93-year-old North Van veteran shares harrowing WW2 experiences
The three newspaper clippings Alfred Brenner places on his kitchen table are more than 60 years old. They have a few small tears and are tinted yellow from old age, but otherwise they’re in good condition.
The headline “4 of 5 Planes Canadians as Nazi Ship Torpedoed” runs above Brenner’s photo in bold font. Dressed in uniform, the young pilot posed for the camera as the Second World War began.
On this day, says the newspaper article, Brenner and four other men flying torpedo-carrying aircraft were shot at by Nazi destroyers in the Bay of Biscay along the border of France and Spain. The planes in the squad were sent out to attack a blockade runner that was accompanied by five German destroyers.
When they reached the target, the article continues, three German aircraft attacked from one side and two from the other. Only one Royal Air Force plane was destroyed from the “intense flack,” while the others escaped badly damaged.
“We could see the destroyers circling and opening up with big guns,” the newspaper quoted Brenner saying at the time.
“Seconds later our kite was shaking from the shell bursts,” he continues. “Sure we got hit, but we got home safely.”
Sitting in his North Vancouver apartment where he lives with his wife, Brenner, now 93 years old, can still remember that day vividly. His parents in Toronto cut the clippings out of their local newspaper to save for him when he returned home from war.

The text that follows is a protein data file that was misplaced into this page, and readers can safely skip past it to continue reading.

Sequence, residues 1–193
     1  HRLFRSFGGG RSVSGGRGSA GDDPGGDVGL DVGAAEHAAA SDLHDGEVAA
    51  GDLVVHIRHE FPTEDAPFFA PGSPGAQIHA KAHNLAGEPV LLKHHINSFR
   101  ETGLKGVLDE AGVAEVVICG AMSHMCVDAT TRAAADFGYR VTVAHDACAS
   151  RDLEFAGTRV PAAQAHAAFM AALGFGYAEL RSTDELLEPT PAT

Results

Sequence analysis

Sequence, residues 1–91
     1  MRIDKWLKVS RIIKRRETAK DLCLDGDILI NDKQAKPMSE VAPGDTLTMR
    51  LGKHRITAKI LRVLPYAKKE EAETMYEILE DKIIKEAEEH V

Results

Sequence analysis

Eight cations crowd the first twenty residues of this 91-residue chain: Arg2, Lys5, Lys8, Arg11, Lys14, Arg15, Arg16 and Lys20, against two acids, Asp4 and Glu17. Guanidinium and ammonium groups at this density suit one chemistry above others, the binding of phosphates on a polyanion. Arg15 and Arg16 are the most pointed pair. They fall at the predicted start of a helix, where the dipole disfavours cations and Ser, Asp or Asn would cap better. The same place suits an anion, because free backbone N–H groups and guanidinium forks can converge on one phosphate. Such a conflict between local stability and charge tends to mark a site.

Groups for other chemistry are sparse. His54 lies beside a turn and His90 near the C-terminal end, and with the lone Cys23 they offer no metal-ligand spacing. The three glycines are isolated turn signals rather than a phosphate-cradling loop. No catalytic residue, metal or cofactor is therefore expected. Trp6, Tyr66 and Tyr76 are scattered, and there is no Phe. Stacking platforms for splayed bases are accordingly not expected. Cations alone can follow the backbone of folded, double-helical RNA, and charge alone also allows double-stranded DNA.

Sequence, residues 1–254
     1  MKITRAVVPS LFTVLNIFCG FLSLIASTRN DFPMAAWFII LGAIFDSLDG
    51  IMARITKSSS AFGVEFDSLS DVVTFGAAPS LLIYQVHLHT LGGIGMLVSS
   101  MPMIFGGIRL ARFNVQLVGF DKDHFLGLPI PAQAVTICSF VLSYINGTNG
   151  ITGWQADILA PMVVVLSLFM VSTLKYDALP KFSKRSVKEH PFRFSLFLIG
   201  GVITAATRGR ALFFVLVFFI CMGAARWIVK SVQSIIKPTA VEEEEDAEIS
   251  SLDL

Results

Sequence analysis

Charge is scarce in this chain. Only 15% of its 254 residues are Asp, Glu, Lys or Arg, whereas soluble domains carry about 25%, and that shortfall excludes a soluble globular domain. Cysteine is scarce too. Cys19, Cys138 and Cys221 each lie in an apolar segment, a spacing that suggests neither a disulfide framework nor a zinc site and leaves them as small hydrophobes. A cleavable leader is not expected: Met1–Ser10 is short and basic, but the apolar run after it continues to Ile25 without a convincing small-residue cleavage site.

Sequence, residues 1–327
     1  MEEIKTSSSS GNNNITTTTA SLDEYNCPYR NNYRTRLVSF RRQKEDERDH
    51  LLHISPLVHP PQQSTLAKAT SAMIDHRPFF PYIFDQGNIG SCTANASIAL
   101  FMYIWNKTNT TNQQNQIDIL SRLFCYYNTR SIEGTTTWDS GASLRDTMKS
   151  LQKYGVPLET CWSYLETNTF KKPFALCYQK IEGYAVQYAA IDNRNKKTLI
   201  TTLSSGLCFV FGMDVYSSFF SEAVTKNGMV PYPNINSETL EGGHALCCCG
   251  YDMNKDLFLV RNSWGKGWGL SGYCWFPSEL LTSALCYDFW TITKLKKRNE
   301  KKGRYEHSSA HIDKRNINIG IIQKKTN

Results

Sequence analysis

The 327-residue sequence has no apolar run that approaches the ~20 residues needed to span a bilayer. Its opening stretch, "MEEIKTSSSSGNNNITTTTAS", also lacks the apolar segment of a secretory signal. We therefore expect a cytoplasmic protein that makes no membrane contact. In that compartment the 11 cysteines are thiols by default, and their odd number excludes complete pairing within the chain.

Brenner was 21 years old in 1942 when he made up his mind he wanted to fight for Canada. A year later, he was a trained pilot based in Scotland and England.
“I wanted to fly — there was a war on — and all my friends were joining,” he tells The Outlook, sitting back in his chair.
He’s not sure yet where he will be spending Remembrance Day this year, but says he has turned on old war documentaries in the past.
When the Second World War ended in 1945, Brenner had seen many friends killed and knew he was lucky to make it home alive.
“Your life is in danger all the time,” he says, touching another newspaper clipping on the table.
He stares at a photo of himself, 69 years younger, dressed in a standard military hat and uniform.
This time, the newspaper article reads, Brenner and his crewmates were marooned nearly two days in a dinghy in the North Sea before they were rescued in the midst of machine gun fire.
As they attacked a shipping convoy off the Dutch coast, their aircraft was damaged, forcing them to ditch their plane on the way back to England.
“The aircraft sank and we had to swim to the dinghy,” remembers Brenner, adding the crew was shot at by Germans as they were rescued.
“For Brenner this was not altogether a novel experience,” the reporter writes. The summer before, his Beau-fighter crashed into the Atlantic Ocean near Portugal while he was en route to the Middle East.
Asked whether he spent most of the Second World War being afraid of what would happen next, he replies: “It was quite exciting, it was interesting. I wasn’t scared.”
Brenner was awarded a DFC (Distinguished Flying Cross) as a result of his service.
After the war, he retuned to civilian life and settled in Vancouver. He later had two sons, one a pilot and instructor for Boeing and the other a former Chief Justice of B.C. Today, Brenner holds 15 national titles for seniors tennis.